Ohio lawmakers mull new hygienist regulation

The Ohio Legislature is considering a bill that would create a new type of supervision for dental hygienists working outside the dental office.

The bill, H.B. 190, introduced in late May by Rep. Lorraine Fende (D-Willowick), would allow dentists to send properly trained hygienists to certain designated public health settings outside the dental office and see patients without the dentist present.

The bill has the full support of the Ohio Dental Association (ODA), the organization said.

The new level of supervision, designated "public oral health supervision," ensures the dentist remains actively involved in patient care and assumes full responsibility for all care delivered, according to the ODA. Dentists will be required to review the health history of each patient prior to providing dental hygiene services to ensure those services can be provided safely.

Additionally, patients seen by a hygienist under public oral health supervision will have a subsequent appointment set with the dentist for the purposes of a diagnosis and treatment plan. A second set of hygiene services is not permitted until a dentist performs a diagnosis and treatment plan for the patient.

Hygienists and dentists wishing to practice under public oral health supervision will be required to obtain a permit from the Ohio State Dental Board. This will provide the dental board with the information necessary to monitor participants' adherence to acceptable standards. To receive the permit, a hygienist will have to meet the following requirements:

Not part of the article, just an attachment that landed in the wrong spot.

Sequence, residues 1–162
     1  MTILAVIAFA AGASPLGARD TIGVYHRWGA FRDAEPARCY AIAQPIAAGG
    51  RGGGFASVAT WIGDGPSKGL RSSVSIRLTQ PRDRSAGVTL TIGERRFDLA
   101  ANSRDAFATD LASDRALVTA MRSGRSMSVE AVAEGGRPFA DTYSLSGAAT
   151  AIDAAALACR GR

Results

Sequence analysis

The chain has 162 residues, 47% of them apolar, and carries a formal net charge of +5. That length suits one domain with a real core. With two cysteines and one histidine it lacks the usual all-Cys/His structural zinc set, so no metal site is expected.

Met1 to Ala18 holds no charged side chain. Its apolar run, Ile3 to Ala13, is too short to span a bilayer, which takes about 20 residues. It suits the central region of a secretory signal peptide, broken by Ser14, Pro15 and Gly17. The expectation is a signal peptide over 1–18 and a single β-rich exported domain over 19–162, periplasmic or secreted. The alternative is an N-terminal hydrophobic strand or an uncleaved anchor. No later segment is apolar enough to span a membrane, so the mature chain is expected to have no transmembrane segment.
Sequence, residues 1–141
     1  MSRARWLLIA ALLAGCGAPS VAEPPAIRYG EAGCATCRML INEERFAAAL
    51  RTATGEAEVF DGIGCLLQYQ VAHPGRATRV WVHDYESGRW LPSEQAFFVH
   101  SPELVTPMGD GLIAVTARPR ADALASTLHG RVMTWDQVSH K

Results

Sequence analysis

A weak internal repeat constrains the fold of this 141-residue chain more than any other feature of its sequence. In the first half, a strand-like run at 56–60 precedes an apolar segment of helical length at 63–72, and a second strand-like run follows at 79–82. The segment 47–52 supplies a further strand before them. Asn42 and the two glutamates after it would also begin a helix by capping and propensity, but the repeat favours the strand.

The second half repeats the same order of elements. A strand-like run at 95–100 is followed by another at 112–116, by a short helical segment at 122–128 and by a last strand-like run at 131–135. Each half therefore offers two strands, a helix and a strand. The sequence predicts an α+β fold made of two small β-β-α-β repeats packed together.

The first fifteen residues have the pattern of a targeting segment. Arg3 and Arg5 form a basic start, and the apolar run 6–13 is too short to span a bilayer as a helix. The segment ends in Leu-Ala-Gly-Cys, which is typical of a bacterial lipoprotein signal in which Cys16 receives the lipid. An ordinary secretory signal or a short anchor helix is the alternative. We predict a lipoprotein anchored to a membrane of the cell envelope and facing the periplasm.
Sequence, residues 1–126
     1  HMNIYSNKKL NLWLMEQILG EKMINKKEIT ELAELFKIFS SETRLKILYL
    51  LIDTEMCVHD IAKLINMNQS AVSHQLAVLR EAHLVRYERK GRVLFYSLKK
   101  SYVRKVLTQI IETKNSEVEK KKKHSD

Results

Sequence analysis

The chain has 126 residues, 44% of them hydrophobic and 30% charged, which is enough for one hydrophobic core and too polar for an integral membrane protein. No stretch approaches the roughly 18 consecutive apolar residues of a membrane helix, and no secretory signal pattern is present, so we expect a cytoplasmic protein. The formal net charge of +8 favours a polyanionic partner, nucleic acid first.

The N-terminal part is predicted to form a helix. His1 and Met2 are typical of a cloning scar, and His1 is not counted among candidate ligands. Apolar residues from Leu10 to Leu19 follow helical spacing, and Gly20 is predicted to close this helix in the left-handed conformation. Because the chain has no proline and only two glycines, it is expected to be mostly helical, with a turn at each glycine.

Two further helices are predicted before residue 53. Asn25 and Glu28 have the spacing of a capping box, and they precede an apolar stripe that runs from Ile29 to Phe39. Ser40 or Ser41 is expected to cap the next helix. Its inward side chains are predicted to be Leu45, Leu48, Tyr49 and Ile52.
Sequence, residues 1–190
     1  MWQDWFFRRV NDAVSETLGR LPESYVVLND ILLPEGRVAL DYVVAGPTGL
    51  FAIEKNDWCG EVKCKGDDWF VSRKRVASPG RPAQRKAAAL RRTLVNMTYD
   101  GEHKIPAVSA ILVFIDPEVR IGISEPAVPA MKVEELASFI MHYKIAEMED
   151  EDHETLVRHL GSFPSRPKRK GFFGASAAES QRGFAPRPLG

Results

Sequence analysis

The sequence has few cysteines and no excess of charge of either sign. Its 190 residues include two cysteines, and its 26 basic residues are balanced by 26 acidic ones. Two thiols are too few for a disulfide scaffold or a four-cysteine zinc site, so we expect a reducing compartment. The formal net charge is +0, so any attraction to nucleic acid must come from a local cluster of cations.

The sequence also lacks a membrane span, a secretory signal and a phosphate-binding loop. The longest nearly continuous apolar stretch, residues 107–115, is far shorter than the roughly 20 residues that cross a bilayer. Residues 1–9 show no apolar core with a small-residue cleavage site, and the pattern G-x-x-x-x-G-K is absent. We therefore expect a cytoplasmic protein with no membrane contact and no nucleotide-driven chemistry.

• Two years and a minimum of 3,000 hours of experience
  • Completion of an eight-hour course approved by the dental board containing additional training in treating geriatric, medically compromised, developmentally disabled, and pediatric patients; record keeping; and other topics -- the course must be separate from the training required for a hygiene degree
  • Completion of a course in medical emergencies
  • A $20 permit fee

Practice under public oral health supervision is limited to certain public health settings and locations, including public schools located in dental professional shortage areas, healthcare facilities, correctional institutions, Head Start programs, mental retardation or developmental disabilities (MR/DD) residential facilities, Federally Qualified Health Centers (FQHCs), nonprofit clinics, and other locations.

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